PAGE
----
Problem: What is the relationship between light intensity and distance from the light source?
Background and Inquiry: Have you ever noticed how bright it is sitting in the front row of a movie theater, and how much dimmer it is sitting in the last row? We all know that the further away you go from a light source the dimmer it gets. But, what type of relationship exists as you move further away from a light source? Would you expect an inverse proportion? That means if the light in a movie is half as bright in the 10 row it will be one fourth as bright in the 20th row. Before beginning this lab try to predict how light intensity behaves as you move further away from alight source.
The equipment you will use today consists of a light source, photo detector (light detector) and a meter. When light hits the photo detector it is changed to electricity. The electricity is recorded by a meter. The greater the light intensity the more the meter will read. Make sure to turn off the light bulb when not taking any measurements. You can do this by disconnecting the battery.
On a separate sheet of paper write your hypothesis to the experiment. What type of relationship do you expect to see?
State your hypothesis. Justify your statement!
Materials: Light source, meter stick, battery, microamp meter, photocell
Diagram:
Procedure;
1) Copy Table I into your lab notebook.
2) Set up the equipment as shown in in class.
3) Set the light source about 30 cm. from the photocell. Turn on the light source and direct it at the photocell. Notice the reading on the meter. Start by bringing the light source closer to the photocell, notice how the meter begins to read more current. Continue to move the light source closer until the meter reads exactly 25 micro amps. Do not go past the 25 micro amp reading since it may damage the meter. Measure the distance and record this distance into table I. Measure the DISTANCE from the light source for the following Intensities (AS YOU MOVE AWAY FROM THE LIGHT SOURCE) 25, 20, 15,10 ,5, and 2.5 micro amps.
Part II: Effect of different color lighting.
4) Cover the photocell with the red filter and repeat the experiment. Use the tape provided, but do not cover the filter.
5) Cover the photocell the the blue filter and repeat the experiment.
6) Cover the photocell with the green filter and repeat the experiment.
Results;
D = distance I = Intensity.
TABLE I: NO FILTER
D (cm.) | D2 | 1/D2 | Intensity (Micro amps) |
25 | |||
20 | |||
15 | |||
10 | |||
5 | |||
2.5 |
D = distance I = Intensity.
TABLEI I: RED FILTER
D (cm.) | D2 | 1/D2 | Intensity (Micro amps) |
25 | |||
20 | |||
15 | |||
10 | |||
5 | |||
2.5 |
D = distance I = Intensity.
TABLE III: BLUE FILTER
D (cm.) | D2 | 1/D2 | Intensity (Micro amps) |
25 | |||
20 | |||
15 | |||
10 | |||
5 | |||
2.5 |
TABLE IV: GREEN FILTER
D (cm.) | D2 | 1/D2 | Intensity (Micro amps) |
25 | |||
20 | |||
15 | |||
10 | |||
5 | |||
2.5 |
Graphing: 1) Plot Intensity of Light (I), vs. Distance, (Intensity on the y axis, Distance on the x axis).
Advanced Graphing Activities:
Plot Average Intensity vs. 1/D2 . (Intensity on the y axis and 1/D2 on the x axis).
Discussion:
1) What are the independent and dependent variables?
2) How are the variables changing with relationship to each other?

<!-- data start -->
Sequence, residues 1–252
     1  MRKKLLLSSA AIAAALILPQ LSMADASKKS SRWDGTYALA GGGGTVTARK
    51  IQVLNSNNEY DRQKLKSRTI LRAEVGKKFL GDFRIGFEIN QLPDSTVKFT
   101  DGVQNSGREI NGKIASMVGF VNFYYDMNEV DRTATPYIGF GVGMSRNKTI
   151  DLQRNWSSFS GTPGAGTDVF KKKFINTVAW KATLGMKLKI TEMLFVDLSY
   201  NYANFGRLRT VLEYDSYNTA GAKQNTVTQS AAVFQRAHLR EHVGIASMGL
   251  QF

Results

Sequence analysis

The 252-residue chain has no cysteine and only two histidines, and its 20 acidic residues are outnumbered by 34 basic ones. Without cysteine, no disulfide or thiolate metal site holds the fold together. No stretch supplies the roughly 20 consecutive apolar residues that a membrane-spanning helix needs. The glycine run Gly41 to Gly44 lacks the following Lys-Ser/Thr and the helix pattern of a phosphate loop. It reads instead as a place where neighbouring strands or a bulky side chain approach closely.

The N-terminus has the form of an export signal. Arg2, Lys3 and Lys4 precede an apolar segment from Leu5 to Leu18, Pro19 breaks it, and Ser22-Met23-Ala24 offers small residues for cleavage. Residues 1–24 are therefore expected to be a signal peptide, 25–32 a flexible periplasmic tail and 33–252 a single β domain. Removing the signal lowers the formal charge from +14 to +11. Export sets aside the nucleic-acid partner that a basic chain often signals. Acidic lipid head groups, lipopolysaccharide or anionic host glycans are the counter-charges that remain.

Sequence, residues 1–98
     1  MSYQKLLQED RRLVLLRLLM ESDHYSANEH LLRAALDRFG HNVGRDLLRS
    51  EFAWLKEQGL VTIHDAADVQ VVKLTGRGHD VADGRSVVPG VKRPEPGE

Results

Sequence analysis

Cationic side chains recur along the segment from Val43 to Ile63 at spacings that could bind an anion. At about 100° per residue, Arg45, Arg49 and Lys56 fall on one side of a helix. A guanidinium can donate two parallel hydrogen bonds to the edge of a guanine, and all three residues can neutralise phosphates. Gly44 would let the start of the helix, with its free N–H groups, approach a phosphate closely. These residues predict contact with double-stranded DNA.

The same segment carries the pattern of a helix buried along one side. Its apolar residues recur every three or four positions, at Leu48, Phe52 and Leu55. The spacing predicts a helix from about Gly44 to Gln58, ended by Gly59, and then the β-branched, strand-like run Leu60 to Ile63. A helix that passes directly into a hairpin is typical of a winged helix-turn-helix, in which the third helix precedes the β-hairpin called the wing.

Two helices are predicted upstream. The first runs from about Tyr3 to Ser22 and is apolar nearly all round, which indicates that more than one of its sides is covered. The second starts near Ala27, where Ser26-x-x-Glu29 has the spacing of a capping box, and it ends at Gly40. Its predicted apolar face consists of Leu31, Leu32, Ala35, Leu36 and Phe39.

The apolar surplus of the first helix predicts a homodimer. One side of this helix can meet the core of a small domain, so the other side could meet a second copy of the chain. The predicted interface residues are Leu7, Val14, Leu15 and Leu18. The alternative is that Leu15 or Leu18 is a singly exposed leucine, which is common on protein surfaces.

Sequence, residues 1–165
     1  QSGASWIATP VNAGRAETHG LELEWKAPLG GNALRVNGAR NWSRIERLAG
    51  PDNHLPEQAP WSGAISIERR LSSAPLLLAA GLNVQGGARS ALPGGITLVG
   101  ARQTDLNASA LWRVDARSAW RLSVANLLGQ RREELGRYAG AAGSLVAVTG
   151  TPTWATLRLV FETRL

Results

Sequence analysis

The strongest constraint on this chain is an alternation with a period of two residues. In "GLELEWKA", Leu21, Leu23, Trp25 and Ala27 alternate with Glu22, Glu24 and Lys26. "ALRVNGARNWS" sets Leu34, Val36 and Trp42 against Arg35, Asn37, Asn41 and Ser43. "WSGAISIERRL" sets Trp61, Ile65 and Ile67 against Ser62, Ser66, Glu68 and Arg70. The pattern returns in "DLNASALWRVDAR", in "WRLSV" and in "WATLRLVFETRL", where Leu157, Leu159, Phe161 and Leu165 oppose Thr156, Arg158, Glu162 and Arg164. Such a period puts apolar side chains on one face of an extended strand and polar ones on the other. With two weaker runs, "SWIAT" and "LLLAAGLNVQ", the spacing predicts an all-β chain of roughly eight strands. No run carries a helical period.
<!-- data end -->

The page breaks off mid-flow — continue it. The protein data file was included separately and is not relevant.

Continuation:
3) What happens to the dependent variable when the independent variable increases? decreases?
4) How does the relationship shown in this experiment compare with other relationships you have so far seen?
5) How does the equation for this relationship compare with those of other equations you have studied?
Applications: What is difference between a laser beam and a flashlight? What are applications for laser light sources where regular light sources cannot be used?
What is a mathematical relationship andWHAT ARE THE DIFFERENT TYPES OF MATHEMATICAL RELATIONSHIPS that apply to the laboratory exercises in the following activities.
Lab 1: The Spring Constant -- Problem: What is the relationship between how much a spring stretches and the force pulling on the spring?
Lab 2: The Pendulum --Problem: What is the relationship between the period of a pendulum and the length of the string of the pendulum?
Lab 3: Mass, Volume and Density-- Problem: What is the relationship between the mass of a ball and its volume assuming a constant density?
Lab 4: Light Intensity-- Problem: What is the relationship between the intensity of a beam of light and the distance from a light source?
Lab 5: Acceleration-- Problem: What is a the relationship between how the distance travels and the time in travel for an accelerating object?
Lab 6: Polarization -- Problem: What is the relationship between how much light passes through a Polaroid filter and the angle the filter is rotated?
Lab 7: Ohms Law-- Problem: What is the relationship between current, voltage when there is a constant resistance in an electric circuit.
Lab 8: Radioactive Decay-- Problem: What is the relationship between the decay of radioactive material and the time allowed for the decay?
Lab 9: Water Pressure-- Problem: What is the relationship between water pressure and depth of water?
Lab 10: Attractive and Repulsive Forces-- Problem: What is the relationship between the distance between two magnets and the force between them?
Lab 11: Damping Motion-- Problem: What is the relationship between the height a ball bounces and the number of times it has bounced?
Lab 12: Buoyancy - Problem: What is the relationship between the volume of a boat and the weight it can hold?